III.] ORIGIN OF TASTE FOR SCIENCE. 227
medical man has now to waste the most vigorous years of his life in miserable routine work simply to obtain bread, until he has been able to establish his reputation. He has no breathing-time allowed him ; the cares of mature life press too closely upon his student days to give him the opportunities of prolonged study that
are necessary to accomplish him for his future profession.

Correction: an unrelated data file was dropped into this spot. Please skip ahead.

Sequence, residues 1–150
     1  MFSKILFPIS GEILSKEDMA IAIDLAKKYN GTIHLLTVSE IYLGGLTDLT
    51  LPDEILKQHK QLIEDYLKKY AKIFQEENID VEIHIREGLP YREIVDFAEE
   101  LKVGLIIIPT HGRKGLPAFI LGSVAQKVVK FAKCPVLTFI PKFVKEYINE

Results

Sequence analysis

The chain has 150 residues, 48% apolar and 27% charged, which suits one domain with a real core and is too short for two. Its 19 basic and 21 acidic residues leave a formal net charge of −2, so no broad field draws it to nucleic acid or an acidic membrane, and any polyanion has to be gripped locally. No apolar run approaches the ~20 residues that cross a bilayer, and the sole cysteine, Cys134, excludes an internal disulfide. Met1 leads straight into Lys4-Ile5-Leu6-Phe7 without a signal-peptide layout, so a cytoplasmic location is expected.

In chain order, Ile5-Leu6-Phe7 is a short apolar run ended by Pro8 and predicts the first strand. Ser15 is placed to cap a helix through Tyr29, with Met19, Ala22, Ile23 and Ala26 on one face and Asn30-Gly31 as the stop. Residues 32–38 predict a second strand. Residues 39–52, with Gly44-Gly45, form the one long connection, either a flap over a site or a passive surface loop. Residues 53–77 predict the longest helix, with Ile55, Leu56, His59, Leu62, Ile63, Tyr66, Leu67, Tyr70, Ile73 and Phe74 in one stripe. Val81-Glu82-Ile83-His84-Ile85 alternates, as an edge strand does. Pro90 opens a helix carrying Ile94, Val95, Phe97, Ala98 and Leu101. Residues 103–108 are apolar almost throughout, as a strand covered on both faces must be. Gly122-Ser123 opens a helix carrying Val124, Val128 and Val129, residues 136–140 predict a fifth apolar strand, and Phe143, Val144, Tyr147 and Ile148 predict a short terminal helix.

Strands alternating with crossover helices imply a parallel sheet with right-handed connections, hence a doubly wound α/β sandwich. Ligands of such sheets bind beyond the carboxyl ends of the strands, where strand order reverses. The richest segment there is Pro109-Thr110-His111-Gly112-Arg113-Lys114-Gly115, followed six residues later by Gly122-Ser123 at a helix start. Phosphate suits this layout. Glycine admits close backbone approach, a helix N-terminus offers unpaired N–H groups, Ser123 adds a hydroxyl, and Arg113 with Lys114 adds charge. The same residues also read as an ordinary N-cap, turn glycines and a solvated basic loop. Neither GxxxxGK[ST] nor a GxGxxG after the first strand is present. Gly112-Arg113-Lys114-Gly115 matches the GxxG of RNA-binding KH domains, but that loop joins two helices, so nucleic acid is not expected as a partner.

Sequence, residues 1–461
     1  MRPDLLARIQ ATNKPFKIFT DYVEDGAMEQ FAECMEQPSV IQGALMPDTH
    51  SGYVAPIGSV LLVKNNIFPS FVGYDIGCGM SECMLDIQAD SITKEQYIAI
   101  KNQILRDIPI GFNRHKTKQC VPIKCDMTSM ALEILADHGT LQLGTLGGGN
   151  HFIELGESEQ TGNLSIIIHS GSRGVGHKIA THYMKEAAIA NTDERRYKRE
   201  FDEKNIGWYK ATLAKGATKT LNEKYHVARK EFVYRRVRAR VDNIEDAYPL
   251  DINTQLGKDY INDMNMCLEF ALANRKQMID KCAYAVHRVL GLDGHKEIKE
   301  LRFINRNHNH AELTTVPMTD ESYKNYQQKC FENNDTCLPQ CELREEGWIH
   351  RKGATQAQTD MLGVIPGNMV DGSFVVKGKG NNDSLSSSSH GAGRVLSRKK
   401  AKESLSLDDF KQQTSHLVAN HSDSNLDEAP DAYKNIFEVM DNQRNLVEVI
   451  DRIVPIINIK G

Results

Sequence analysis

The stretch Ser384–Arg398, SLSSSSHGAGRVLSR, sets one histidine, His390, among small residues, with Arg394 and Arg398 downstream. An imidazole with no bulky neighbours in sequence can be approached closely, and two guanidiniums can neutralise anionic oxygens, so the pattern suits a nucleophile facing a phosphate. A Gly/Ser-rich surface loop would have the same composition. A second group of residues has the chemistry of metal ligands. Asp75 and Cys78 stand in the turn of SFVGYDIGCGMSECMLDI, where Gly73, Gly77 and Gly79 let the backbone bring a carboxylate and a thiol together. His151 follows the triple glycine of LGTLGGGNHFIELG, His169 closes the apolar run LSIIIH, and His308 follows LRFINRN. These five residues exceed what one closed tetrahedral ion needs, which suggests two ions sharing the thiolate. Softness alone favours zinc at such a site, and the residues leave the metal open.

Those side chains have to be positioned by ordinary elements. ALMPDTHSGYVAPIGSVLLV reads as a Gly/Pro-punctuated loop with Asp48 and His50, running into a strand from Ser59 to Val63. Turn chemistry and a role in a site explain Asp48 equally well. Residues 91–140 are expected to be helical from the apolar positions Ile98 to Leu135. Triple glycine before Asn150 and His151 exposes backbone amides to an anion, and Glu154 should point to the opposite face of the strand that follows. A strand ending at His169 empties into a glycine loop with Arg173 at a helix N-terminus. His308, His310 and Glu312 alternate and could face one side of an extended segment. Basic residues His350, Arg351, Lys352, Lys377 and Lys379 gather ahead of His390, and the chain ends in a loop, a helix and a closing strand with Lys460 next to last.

The influences we have been considering, are those which urge men to pursue science rather than literature, politics, or other careers ; but we must not forget that there are deep and obscure movements of national life, which may quicken or depress the effective ability of the nation as a whole. I have not considered the reasons why one period is more productive of great men than another, my inquiry being limited, for the reasons stated in the first pages of this book, to one period and nation. But it may be remarked, that the national condition most favourable to general efficiency is one of self-confidence and eager belief in the existence of great works capable of accomplishment. The